Table of Contents Elements and Their Properties Section 1 • Metals Section 2 •Nonmetals Section 3 •Mixed Groups
Properties of Metals • In the periodic table, metals are elements found to the left of the stair-step line.
Properties of Metals • Metalsusually have common propertiesthey are good conductors of heat and electricity, and all but one are solid at room temperature.
Properties of Metals • Metals also reflect light. This is a property called luster. • Metals are malleable (MAL ee uh bul), which means they can be hammered or rolled into sheets. • Metals are also ductile, which means they can be drawn into wires.
Ionic Bonding in Metals • The atoms of metals generally have one to three electrons in their outer energy levels. • In chemical reactions, metals tend to give up electrons easily because of the strength of charge of the protons in the nucleus.
Ionic Bonding in Metals • When metals combine with nonmetals, the atoms of the metals tend to lose electrons to the atoms of nonmetals, forming ionic bonds. • Both metals and nonmetals become more chemically stable when they form ions.
Metallic Bonding • In metallicbonding, positively charged metallic ions are surrounded by a sea of electrons. • Outer-level electrons are not held tightly to the nucleus of an atom. Rather, the electrons move freely among many positively charged ions.
Metallic Bonding • The idea of metallic bonding explains many of the properties of metals. • When a metal is hammered into a sheet or drawn into a wire, it does not break because the ions are in layers that slide past one another without losing their attraction to the electron sea. • Metals are also good conductors of electricity because the outer-level electrons are weakly held and can move relatively feely.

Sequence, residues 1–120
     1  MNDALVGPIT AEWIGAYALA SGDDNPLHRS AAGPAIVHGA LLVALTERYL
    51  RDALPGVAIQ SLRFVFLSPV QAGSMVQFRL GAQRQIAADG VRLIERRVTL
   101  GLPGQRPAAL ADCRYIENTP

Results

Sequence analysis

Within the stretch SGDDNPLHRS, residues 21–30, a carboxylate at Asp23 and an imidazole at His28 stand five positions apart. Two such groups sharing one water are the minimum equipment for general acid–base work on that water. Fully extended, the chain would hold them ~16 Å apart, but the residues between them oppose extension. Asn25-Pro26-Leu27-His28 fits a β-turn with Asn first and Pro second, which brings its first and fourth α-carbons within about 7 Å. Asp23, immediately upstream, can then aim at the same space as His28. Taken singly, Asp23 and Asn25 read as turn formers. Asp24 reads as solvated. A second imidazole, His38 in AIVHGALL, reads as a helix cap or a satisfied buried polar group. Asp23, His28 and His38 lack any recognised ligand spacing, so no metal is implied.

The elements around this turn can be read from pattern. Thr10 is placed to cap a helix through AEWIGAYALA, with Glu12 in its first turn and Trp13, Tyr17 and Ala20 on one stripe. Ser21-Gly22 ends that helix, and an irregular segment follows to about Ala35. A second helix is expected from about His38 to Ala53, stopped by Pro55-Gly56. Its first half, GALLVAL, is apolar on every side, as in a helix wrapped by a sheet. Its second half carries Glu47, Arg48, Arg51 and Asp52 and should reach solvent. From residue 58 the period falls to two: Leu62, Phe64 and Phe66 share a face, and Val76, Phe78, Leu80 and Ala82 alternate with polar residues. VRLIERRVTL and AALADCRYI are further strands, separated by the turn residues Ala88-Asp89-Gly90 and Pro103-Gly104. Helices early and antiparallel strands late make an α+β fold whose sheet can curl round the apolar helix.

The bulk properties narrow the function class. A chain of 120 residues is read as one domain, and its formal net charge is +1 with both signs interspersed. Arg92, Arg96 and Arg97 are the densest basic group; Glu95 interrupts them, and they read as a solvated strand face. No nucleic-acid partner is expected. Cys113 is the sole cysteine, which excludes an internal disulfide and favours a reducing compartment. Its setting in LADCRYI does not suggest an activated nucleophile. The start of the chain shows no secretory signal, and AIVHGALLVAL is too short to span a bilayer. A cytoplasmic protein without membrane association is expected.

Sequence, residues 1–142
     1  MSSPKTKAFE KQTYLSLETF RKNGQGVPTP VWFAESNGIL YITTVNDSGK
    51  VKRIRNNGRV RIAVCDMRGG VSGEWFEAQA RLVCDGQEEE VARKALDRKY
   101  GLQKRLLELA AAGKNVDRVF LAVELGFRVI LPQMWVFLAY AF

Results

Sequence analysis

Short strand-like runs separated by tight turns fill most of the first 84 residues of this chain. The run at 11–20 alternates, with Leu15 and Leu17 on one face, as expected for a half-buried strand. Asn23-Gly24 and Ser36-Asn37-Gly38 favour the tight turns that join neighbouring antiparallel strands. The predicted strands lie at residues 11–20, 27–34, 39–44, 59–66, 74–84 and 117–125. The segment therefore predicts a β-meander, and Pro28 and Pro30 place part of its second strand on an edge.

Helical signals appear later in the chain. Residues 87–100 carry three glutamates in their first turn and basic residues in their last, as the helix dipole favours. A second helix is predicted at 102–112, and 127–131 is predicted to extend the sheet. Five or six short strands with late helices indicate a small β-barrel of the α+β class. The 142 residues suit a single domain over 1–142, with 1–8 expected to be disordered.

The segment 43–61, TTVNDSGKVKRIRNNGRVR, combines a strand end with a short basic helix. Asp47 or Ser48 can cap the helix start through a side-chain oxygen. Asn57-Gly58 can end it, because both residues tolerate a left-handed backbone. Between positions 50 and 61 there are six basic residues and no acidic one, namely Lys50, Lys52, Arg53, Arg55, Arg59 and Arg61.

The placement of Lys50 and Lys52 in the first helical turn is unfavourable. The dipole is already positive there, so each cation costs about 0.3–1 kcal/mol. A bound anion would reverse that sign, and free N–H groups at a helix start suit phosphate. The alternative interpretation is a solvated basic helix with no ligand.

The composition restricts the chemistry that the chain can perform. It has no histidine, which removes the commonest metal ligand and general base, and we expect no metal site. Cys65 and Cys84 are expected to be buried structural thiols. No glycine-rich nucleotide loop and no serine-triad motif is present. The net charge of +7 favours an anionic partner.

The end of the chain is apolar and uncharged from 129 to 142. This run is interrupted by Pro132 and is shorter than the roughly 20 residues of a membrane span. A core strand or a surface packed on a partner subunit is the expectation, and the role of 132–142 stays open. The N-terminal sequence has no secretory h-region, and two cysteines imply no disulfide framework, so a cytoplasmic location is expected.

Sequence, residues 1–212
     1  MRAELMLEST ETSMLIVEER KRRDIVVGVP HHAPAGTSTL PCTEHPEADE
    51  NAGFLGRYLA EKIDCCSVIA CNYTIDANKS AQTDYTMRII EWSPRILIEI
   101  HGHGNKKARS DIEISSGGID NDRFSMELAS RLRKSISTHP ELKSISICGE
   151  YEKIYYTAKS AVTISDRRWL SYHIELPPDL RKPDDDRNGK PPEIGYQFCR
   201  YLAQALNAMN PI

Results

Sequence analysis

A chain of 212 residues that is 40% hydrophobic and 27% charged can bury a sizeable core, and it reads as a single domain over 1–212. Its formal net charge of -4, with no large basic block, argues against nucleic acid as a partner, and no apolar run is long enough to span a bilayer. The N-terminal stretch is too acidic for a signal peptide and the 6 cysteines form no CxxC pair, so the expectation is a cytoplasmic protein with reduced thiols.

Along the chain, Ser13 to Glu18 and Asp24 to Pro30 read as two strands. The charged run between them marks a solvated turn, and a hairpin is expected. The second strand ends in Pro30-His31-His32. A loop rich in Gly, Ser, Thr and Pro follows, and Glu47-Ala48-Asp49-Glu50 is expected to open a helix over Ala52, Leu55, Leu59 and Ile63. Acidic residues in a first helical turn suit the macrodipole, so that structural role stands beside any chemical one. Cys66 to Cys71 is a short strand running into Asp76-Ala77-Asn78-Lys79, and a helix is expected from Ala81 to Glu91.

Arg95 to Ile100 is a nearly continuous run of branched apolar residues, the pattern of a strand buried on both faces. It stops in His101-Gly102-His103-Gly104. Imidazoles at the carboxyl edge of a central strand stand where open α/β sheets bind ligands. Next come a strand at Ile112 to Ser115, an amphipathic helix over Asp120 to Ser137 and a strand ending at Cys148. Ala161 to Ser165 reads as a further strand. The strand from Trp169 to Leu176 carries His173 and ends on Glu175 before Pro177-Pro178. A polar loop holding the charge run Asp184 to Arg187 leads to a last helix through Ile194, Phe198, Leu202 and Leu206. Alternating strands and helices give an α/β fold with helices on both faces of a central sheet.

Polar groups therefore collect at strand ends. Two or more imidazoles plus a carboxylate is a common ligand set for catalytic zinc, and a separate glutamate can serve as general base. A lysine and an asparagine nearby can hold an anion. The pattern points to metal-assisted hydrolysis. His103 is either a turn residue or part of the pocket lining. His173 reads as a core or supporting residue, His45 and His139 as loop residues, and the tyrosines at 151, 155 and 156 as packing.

The Alkali Metals • The elements in Group 1 of the periodic table are the alkali (AL kuh li) metals. • Group 1 metals are shiny, malleable, and ductile. • They are also good conductors of heat and electricity. However, they are softer than most other metals.
The Alkali Metals • The alkali metals are the most reactive of all the metals. They react rapidly, sometimes violently, with oxygen and water. • Alkali metals don’t occur in nature in their elemental form and are stored in substances that are unreactive, such as an oil.
The Alkali Metals • Each atom of an alkali metal has one electron in its outer energy level. • This electron is given up when an alkali metal combines with another atom. • As a result, the alkali metal becomes a positively charged ion in a compound such as sodium chloride.
The Alkali Metals • Alkali metals and their compounds have many uses. • Doctors use lithium compounds to treat bipolar depression. • Living organisms need sodium and potassium in their diets to remain healthy.